Why Donald Trump's options on North Korea are getting worse
Just as Trump seeks to show global resolve after the North's most powerful nuclear test, his leverage is limited even further by new tensions he's stoked with South Korea
The sanctions on North Korea have been tried, and failed. Serious negotiations seem like a pipedream. And any military strike would almost surely bring mass devastation and horrific civilian casualties.
The Trump administration’s options are going from bad to worse as Kim Jong Un’s military marches ever closer to being able to strike the U.S. mainland with nuclear weapons. Just as President Donald Trump seeks to show global resolve after the North’s most powerful nuclear test, his leverage is limited even further by new tensions he’s stoked with South Korea, plus continued opposition from China and Russia.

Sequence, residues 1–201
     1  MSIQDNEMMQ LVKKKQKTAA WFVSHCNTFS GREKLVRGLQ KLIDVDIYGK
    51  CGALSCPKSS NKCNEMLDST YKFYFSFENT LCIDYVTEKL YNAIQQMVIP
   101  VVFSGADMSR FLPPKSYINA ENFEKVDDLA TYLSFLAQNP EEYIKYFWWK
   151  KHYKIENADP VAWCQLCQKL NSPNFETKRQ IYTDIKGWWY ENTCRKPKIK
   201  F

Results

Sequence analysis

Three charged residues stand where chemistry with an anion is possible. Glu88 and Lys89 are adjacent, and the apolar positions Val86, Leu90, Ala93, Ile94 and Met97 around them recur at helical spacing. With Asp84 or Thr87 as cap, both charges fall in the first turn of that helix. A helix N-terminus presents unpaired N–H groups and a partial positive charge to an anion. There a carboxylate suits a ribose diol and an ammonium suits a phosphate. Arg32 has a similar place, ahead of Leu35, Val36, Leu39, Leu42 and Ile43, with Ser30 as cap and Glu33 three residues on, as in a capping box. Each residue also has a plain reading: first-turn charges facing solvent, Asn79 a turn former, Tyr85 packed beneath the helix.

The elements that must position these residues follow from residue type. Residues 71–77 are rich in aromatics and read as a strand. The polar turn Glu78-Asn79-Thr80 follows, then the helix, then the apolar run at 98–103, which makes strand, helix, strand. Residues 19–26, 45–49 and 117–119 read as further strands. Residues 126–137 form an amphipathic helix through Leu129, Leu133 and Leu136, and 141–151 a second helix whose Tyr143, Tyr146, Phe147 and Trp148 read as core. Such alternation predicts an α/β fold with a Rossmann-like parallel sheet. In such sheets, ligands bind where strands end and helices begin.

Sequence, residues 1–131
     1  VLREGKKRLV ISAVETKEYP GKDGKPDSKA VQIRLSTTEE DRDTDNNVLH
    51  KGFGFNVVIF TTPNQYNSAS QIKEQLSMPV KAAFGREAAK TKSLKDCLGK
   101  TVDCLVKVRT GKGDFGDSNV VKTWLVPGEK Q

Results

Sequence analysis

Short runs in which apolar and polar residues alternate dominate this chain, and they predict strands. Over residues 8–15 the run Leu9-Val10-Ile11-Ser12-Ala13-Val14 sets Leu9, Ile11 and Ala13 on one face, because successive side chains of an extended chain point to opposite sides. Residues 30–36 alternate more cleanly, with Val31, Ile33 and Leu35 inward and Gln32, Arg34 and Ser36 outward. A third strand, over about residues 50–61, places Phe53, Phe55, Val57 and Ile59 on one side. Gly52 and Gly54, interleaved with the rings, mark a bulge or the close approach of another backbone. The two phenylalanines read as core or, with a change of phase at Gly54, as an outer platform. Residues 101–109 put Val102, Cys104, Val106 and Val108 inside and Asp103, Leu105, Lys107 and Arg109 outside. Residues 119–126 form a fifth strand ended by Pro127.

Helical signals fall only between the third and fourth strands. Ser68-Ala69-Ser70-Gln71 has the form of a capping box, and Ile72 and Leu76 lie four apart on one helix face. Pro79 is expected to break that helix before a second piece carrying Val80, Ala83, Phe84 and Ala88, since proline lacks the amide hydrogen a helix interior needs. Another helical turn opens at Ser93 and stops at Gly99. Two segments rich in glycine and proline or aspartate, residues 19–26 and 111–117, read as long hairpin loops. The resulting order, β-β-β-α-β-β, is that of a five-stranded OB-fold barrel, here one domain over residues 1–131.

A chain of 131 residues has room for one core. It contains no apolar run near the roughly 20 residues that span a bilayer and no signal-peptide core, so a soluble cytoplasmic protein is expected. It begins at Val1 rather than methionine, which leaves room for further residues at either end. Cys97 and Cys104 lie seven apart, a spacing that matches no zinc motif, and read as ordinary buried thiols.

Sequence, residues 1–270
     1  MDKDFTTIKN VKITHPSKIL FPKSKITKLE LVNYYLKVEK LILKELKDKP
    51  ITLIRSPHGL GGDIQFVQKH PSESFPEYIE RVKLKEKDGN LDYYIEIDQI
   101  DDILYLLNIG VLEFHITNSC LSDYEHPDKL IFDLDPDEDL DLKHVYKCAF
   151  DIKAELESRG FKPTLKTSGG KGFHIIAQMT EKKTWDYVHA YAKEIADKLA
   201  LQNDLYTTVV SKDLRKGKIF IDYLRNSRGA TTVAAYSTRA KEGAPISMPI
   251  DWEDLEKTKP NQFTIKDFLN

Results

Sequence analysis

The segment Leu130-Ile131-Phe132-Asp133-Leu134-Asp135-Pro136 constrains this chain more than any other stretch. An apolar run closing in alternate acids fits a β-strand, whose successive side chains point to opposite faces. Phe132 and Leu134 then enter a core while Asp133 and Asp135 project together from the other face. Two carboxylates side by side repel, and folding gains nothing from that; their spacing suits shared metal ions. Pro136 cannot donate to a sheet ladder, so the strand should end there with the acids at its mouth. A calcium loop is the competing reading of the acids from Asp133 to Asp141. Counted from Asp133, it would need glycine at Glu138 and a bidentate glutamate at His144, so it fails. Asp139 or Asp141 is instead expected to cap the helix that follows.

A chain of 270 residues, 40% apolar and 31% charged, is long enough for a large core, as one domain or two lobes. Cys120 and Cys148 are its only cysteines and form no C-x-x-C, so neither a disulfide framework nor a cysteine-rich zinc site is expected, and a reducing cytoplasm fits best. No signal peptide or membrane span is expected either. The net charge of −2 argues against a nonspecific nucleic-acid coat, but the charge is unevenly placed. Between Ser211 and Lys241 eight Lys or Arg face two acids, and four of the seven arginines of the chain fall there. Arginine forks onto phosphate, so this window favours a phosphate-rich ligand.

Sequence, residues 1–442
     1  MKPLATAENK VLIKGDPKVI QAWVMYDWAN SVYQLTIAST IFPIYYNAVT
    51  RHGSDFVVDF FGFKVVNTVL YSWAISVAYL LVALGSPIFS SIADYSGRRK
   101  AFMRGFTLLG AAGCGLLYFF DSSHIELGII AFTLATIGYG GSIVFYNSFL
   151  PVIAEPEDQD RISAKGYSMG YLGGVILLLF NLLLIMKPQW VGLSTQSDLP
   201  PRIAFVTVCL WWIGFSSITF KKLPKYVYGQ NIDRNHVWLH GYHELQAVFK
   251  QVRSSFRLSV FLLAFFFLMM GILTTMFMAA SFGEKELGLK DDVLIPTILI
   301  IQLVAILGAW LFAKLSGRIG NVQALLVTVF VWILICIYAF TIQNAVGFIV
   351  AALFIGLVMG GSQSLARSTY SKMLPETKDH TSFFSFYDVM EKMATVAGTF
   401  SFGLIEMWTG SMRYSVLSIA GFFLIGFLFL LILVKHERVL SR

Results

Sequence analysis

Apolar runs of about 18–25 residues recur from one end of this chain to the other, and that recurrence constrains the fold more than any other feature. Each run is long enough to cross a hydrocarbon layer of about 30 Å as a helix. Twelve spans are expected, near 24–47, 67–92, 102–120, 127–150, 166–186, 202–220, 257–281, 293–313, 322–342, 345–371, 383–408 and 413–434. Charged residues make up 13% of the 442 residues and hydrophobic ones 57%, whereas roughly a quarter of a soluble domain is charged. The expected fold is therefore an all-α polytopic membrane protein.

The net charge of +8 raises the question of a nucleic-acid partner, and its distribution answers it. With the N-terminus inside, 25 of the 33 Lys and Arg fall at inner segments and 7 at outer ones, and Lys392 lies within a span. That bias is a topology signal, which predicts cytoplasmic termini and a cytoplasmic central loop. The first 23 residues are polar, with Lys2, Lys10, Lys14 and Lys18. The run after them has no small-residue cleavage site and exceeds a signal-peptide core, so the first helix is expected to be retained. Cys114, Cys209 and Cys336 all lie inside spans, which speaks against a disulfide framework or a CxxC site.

With South Korea, the country most directly threatened, Trump has taken the unusual step of highlighting disagreements between the U.S. and its treaty ally, including by floating the possibility he could pull out of a trade deal with South Korea to protest trade imbalances.
THE MILITARY OPTION
The U.S. military for years has had a full range of contingency plans prepared for potential strikes on the North to try to disrupt its nuclear program or dissuade it from developing further. On Sunday, Trump dispatched Defence Secretary Jim Mattis to warn of a “massive military response if the North keeps threatening the U.S., while Trump hinted in a call with Japan’s leader that the U.S. could even deploy its own nuclear arsenal.
Trump on Saturday declared on Twitter that the U.S. was considering “stopping all trade with any country doing business with North Korea.” That would be a dramatic escalation of the longstanding U.S. strategy: increasing economic pressure on North Korea by restricting its access to funds needed for its weapons programs.